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Brain Res. 1994 Dec 19;667(1):24-32.

Synapse alterations in the hippocampal-entorhinal formation in Alzheimer's disease with and without Lewy body disease.

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Department of Neurosciences, University of California at San Diego, La Jolla 92093-0624, USA.


We quantified by microdensitometry the immunoreactivity (IR) to monoclonal antibodies (SP6, SP12, SP15 and SP18) against various synaptic proteins in the molecular layers of the dentate gyrus, CA4, CA3, CA1, subiculum and entorhinal cortex in Alzheimer's disease (AD), Lewy body variant of AD (LBV) and diffuse Lewy body disease (DLBD). A significant decrease in SP6 IR was observed in almost all regions in AD (28.4-70.1%, mean 41.3%), LBV (19.0-42.5%, mean 26.8%) and DLBD (19.9-31.7%, mean 27.1%) compared to controls. In addition, SP6 IR in the outer molecular layer of the dentate gyrus was strongly correlated with tangle count in the entorhinal cortex (r = -0.70, P < 0.002), suggesting loss of perforant pathway projection. Although the decrease in SP12 and SP15 IR was less pronounced, the mean values were decreased in dementia. Furthermore, SP12 and SP15 labeled a large number of neuritic plaques, and SP15 occasionally stained cortical LBs. The present findings indicate (i) that in the hippocampal-entorhinal formation, the decrease of synapse protein IR in AD is more severe than that in LBV and DLBD, (ii) that synaptic markers detect a subset of dystrophic neurites in the plaques and (iii) that synapse proteins are involved in the formation of cortical LBs.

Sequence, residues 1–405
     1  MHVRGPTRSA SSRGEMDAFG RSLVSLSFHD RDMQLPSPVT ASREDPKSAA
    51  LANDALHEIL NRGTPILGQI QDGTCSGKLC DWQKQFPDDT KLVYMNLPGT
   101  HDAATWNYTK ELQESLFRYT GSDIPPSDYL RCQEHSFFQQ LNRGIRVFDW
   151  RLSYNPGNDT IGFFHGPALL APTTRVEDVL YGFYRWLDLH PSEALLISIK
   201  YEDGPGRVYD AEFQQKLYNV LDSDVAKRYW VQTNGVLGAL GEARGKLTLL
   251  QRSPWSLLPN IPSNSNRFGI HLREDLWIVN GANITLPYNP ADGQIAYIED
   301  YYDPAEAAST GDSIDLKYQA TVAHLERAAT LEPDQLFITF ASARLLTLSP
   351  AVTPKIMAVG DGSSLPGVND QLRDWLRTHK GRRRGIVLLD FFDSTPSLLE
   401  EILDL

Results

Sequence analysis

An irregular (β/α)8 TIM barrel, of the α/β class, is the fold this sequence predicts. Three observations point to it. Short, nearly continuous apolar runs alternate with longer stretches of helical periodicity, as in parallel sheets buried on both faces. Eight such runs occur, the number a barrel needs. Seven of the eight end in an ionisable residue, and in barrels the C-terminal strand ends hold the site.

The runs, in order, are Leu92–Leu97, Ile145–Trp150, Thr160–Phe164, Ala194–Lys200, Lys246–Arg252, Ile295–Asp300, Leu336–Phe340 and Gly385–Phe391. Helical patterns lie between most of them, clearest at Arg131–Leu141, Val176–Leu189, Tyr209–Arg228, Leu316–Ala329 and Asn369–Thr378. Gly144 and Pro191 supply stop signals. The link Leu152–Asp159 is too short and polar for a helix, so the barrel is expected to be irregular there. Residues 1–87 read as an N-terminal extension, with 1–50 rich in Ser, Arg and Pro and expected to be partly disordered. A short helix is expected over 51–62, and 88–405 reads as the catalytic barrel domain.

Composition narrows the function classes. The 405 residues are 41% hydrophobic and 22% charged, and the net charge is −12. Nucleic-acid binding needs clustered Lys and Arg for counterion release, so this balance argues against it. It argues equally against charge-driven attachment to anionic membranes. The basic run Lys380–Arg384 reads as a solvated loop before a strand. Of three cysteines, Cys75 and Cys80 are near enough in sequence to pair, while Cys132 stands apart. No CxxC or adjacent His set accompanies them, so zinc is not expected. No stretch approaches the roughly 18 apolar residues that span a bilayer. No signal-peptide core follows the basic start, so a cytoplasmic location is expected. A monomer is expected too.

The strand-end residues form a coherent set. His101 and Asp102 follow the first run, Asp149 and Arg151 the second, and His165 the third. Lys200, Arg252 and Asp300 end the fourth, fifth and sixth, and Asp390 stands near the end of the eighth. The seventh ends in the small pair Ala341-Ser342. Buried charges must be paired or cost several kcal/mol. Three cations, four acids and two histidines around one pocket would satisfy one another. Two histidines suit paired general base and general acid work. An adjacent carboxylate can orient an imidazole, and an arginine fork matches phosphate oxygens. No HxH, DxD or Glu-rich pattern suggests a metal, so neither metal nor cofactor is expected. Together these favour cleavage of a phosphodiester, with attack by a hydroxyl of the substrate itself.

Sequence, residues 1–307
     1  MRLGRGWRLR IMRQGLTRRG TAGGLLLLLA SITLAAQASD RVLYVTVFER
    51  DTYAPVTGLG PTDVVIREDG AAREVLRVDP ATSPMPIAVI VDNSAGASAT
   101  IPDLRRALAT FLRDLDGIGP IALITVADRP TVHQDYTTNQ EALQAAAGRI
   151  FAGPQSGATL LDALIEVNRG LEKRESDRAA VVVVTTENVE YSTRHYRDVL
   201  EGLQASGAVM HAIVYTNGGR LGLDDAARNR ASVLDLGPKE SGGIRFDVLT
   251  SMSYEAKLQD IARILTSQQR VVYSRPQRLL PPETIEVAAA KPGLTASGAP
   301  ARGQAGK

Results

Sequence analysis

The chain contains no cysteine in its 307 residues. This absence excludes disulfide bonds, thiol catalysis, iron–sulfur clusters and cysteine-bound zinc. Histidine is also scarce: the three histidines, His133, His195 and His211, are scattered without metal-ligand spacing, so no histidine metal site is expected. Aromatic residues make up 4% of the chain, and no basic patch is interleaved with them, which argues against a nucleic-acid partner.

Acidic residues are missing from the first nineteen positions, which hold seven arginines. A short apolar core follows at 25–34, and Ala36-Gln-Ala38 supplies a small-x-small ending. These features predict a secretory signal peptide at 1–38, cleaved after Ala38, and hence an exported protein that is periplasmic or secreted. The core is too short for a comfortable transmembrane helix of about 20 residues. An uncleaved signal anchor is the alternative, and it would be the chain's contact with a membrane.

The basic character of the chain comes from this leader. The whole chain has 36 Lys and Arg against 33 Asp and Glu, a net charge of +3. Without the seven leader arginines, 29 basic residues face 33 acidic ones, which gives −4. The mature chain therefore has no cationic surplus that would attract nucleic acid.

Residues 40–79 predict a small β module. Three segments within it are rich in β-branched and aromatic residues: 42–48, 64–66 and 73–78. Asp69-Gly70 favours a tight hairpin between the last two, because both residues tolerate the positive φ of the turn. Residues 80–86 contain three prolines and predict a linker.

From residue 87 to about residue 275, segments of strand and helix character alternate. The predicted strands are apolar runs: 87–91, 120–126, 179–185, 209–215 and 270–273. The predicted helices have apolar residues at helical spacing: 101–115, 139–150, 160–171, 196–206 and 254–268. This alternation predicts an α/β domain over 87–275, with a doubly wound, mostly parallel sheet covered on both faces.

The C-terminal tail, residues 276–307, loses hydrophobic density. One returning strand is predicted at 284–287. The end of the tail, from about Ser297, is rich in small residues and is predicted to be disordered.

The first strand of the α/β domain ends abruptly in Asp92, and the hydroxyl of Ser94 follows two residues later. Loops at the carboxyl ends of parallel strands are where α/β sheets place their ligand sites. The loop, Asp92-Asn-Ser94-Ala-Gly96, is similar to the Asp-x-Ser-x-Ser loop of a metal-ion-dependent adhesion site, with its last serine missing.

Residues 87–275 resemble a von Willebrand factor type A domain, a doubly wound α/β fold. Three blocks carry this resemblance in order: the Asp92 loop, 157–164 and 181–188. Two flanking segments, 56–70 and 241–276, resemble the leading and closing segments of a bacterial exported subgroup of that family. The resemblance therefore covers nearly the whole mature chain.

[Indexed for MEDLINE]

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